Let’s look at Google docs which a few sites place at the lowest level of Bloom, Remember/Knowledge. Google docs can be used to help students recall information. However, it can just as easily be used to paraphrase the information (from the original Shakespeare to modern day texting messages), to apply/use information (How does Pareto’s 20/80 rule apply to this story? ), to analyzing/contrasting (How are these two poems the same? Different?), to evaluating (Which literature that we have read this year best expresses man’s inhumanity to man? Why?), and synthesize/creating (Write a short story in which you mock some modern day thinking or organization.)

Teachers determine how any Web 2.0 tool is used. They determine at what Bloom’s level they will use the Web 2.0 tool. If they want their students to be bigger thinkers, they will use the higher levels of Bloom. If the teachers want their students to remain in small thinking, they will use the lower levels.

The choice of what level to use any Web 2.0 is up to the teacher. At what level do you use each Web 2.0 tools? Do you consciously build up Bloom’s taxonomy with each different technology you use during a unit?

Tuttle’s formative assessment books:   http://is.gd/tbook

Open-ended questions for higher level answers in Web 2.0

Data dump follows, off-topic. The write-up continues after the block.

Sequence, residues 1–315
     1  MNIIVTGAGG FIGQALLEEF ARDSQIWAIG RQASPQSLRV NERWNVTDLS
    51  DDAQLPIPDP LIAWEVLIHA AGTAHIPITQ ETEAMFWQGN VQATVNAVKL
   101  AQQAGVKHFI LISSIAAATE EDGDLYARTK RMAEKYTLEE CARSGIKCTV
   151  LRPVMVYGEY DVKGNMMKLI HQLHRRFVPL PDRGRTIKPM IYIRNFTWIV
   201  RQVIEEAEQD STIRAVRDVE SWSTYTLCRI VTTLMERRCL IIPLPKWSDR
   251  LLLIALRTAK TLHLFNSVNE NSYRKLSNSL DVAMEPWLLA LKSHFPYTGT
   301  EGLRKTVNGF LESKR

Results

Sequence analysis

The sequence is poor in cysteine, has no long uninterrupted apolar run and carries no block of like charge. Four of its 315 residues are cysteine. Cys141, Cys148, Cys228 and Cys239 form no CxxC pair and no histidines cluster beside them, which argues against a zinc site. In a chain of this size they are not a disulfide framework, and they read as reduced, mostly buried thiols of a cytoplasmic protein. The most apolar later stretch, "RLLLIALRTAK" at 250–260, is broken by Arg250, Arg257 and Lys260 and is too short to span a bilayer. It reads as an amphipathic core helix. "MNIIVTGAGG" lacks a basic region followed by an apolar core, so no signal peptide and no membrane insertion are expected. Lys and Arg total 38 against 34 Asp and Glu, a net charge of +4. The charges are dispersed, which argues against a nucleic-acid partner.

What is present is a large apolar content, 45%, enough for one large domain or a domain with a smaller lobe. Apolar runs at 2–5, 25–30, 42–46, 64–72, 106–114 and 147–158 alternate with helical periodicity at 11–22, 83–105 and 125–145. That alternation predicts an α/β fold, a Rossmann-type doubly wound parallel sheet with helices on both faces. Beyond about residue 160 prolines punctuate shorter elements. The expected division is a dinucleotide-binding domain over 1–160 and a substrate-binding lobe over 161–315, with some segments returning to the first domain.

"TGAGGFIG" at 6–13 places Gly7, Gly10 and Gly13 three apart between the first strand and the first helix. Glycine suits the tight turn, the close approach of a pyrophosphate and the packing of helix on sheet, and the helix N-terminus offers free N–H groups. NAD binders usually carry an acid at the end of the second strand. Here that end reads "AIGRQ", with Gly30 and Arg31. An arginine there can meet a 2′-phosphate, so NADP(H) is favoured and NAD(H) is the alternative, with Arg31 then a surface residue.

Often times teachers  ask many  closed-ended questions (lower level questions) about a learning goal and then they are surprised when they get lower level answers back.  Close-ended question usually begin with question words like “Who…?” as in “Who invented the ….?”,  “When ….?” as in “When did she invent …?,   “Where….?” as in “Where is Spain? ” and “What …?” as in “What  is the capital of New York?”.  In order to get higher level answers, one needs to ask big powerful questions.  These questions can be essential or critical questions; they can be open-ended questions which have many possible correct answers.   Open-ended questions often start with “Why….?” as in “Why do you think solar energy is better than water energy?”, “What..?” such as “What are the differences between ….?” and “How….?” such as “How are these two wars similar?”  When students think there is only one right answer, they limit their thinking.  Most real life problems do not have one right answer.

Here are some examples:

Texting in Social Studies:

Closed-ended question:  What does “occupy” mean?  There are a fixed number of answers. Once the students answer the question, they are done. They realize that the teacher has a specific  definition in mind and they try to guess it.

Open-ended question: How are the “occupy” movements in the USA similar or different to the “occupy” movements in Europe? Students can answer this question in many different correct  ways and, then, discuss their various answers. They widen their learning as they hear  the different responses. They consider aspects they had not thought about.

Wiffiti in English:

Close-ended questions:  Who did Don Quixote persuade to join him?   The  answer to this question is a factual answer. Once a student says the name of the person, he/she is done with learning.